Mary D. (Molly) Frame (McMahon), Ph.D.
Professor and Vice Chair
Our emerging understanding of oxygen delivery to the tissues is that the blood flow within the smallest arterioles is tightly organized within repeating networks across the tissue. Central to this new paradigm are the concepts of vascular communication between the beginning and end of the network (via gap junctions), and its relation to flow sensing by the vascular endothelium (flow mediated dilation). In the normal resting state, flow distribution into successive branches along a central feed occurs with most flow (red blood cells, RBC) going to the first branch and successively less for sequential branch arterioles. This RBC distribution is linked to the total area of tissue fed by downstream capillaries, and ensures a uniform oxygen delivery. In inflammatory states, the flow distribution is significantly altered; RBC are shunted through the central feed with most flow going to the furthest most branch downstream. Oxygen delivery is not uniform. Further, both gap junctional activity and flow sensing are impaired. This occurs in a wide range of inflammatory states that includes: diabetes, obesity, pharmacologically induced inflammatory states, and inflammation that accompanies thermal wounds. Ongoing work targets the molecular basis for these abrupt and significant changes in flow distribution. The arterioles at this level are ~2 times the diameter of the RBC – hence they are large particles relative to the size of the tube in which they travel (the arteriole). The 3-D architecture of the arteriolar branch point affects how easily the RBC passes to that branch. Additionally, at this level the flow itself is viscous driven, with a low inertial component (Re <1). The independent impact of the flow properties and the particle:tube dimensions is studied in vitro in microchannels, where the relevant rheological factors can be scaled and controlled. Our work employs computational modeling of the fluid mechanics, the physiology of arteriolar network blood flow ( in vivo and in vitro), and precise genomic manipulation of key proteins in healthy and vascular disease states.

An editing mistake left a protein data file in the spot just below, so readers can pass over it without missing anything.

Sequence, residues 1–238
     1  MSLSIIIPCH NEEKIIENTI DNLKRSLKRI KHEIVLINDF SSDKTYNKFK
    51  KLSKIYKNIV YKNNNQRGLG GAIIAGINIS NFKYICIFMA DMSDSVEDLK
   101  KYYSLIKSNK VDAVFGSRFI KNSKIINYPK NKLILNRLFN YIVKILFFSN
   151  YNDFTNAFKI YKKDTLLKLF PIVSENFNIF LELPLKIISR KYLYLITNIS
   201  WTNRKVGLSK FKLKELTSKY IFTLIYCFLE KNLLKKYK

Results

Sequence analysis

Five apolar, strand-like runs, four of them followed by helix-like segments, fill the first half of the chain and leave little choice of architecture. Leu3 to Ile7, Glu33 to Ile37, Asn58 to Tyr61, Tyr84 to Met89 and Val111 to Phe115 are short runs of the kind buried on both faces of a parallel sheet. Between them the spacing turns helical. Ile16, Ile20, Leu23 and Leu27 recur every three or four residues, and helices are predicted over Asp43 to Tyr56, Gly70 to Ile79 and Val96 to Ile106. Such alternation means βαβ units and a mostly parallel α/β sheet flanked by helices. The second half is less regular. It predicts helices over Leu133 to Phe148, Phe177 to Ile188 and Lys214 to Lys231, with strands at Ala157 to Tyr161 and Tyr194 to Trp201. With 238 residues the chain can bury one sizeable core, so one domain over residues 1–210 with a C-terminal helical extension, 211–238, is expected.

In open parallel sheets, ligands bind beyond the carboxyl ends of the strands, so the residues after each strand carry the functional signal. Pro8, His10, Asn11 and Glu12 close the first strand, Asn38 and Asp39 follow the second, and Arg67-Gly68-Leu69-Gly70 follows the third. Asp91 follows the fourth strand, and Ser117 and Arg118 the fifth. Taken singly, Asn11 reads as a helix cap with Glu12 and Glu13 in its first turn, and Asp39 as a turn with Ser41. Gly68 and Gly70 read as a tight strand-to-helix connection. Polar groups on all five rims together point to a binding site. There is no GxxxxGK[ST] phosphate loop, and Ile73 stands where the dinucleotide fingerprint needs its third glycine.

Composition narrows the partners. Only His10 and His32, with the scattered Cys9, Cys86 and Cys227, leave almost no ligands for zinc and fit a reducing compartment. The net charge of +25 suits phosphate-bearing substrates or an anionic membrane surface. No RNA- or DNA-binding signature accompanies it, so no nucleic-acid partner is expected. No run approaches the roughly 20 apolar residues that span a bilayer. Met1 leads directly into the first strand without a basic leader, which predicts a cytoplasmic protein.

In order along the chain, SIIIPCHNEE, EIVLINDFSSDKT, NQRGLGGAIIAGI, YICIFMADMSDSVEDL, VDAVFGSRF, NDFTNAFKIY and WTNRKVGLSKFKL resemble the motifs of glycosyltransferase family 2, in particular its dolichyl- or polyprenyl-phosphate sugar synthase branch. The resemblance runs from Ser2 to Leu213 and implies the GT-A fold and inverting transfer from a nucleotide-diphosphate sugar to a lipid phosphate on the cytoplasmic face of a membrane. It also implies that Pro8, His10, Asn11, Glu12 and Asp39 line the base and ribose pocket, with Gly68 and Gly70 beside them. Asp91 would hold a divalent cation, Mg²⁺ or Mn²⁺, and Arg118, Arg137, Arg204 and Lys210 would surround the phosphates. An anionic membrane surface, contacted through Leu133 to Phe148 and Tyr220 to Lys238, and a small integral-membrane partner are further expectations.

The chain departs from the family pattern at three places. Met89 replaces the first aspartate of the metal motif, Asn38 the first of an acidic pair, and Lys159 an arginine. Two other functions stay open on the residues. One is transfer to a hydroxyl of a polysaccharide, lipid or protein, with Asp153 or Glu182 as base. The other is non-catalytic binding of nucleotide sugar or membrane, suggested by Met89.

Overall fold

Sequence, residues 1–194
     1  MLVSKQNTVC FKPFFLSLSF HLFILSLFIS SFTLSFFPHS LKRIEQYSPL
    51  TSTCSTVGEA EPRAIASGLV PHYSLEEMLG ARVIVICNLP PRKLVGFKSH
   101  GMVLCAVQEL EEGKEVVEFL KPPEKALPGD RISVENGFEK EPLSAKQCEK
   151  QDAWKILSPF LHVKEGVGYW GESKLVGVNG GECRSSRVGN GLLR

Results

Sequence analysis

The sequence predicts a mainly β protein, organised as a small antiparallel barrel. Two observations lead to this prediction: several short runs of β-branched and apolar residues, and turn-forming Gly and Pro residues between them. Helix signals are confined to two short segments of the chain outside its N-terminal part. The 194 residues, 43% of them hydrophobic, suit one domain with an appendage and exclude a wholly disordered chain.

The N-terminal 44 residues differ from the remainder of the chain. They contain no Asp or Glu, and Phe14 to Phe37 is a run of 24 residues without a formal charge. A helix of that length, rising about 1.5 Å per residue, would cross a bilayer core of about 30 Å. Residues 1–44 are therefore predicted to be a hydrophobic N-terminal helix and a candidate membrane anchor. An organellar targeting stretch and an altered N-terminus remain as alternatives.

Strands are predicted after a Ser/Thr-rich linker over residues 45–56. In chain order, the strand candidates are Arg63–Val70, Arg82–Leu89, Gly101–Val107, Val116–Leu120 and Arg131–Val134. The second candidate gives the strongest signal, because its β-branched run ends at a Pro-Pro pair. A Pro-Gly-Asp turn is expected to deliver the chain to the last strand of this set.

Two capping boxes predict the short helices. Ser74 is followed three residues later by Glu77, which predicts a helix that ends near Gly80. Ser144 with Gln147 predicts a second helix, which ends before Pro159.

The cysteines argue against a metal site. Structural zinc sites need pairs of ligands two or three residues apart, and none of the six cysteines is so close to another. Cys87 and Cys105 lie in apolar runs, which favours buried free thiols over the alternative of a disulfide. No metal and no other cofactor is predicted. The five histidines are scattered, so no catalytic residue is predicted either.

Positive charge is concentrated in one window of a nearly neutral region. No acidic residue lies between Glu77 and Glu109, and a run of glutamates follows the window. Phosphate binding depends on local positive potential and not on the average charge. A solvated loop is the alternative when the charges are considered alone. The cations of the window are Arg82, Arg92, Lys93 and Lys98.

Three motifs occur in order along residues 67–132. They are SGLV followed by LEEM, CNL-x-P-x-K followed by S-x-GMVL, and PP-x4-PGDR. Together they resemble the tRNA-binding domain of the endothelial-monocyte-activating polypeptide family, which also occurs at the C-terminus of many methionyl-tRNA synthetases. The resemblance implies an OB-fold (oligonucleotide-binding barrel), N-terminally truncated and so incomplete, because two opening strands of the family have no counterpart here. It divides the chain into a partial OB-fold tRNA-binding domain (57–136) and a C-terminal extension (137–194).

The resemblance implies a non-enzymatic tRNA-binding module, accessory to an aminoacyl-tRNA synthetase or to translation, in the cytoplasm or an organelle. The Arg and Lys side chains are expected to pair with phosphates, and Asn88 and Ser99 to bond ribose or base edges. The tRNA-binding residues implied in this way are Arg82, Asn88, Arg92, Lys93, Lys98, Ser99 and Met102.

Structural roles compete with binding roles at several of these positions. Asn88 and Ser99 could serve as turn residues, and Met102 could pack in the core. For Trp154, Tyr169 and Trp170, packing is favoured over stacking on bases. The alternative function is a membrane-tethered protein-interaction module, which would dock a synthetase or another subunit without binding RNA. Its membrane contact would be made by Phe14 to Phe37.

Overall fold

- Ph.D. (Physiology), 1990, University of Missouri-Columbia
- A.B. (Biology), 1980, University of Missouri-Columbia
- 2017 – current: Professor, Department of Biomedical Engineering, Department of Physiology and Biophysics, Institute of Molecular Cardiology, Stony Brook University, Stony Brook, New York.
- 2004 – 2017: Associate Professor, Department of Biomedical Engineering, Department of Physiology and Biophysics, Institute of Molecular Cardiology, Stony Brook University, Stony Brook, New York.
- 2002 – 2004: Assistant Professor, Department of Biomedical Engineering, Department of Physiology and Biophysics, Institute of Molecular Cardiology, Stony Brook University, Stony Brook, New York.
- 2001 – 2002: Associate Professor, Department of Anesthesiology, Department of Pharmacology and Physiology, Center for Cardiovascular Research, University of Rochester, Rochester, NY
- 1996 – 2001: Assistant Professor, Department of Anesthesiology, Department of Pharmacology and Physiology, Center for Cardiovascular Research, University of Rochester, Rochester, NY
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COURSES TAUGHT (SBU only)
- BME 100 – Introduction to Biomedical Engineering
- BME 200 – Bioengineering in Extreme Environments
- BME 205 – Clinical Challenges for the 21 st Century
- BME 213 – Introduction to Nanotechnology
- BME 371 – Biological Microfluidics
- BME 381 – Nanofabrication in Biomedical Applications
- BME 430 – Quantitative Physiology
- BME 545 – Cell Physiology/Biophysics (module I)
- BME 571 – Microfluidics in Biological Systems
- BME 603 – Advanced Quantitative Human Physiology
- HBY 564 – Animal Handling (modules)
- ITS 102 – Nanomedicine
- ITS 102 – What is Biomedical Engineering?
- SSO 102 – Ethics of Tissue Engineering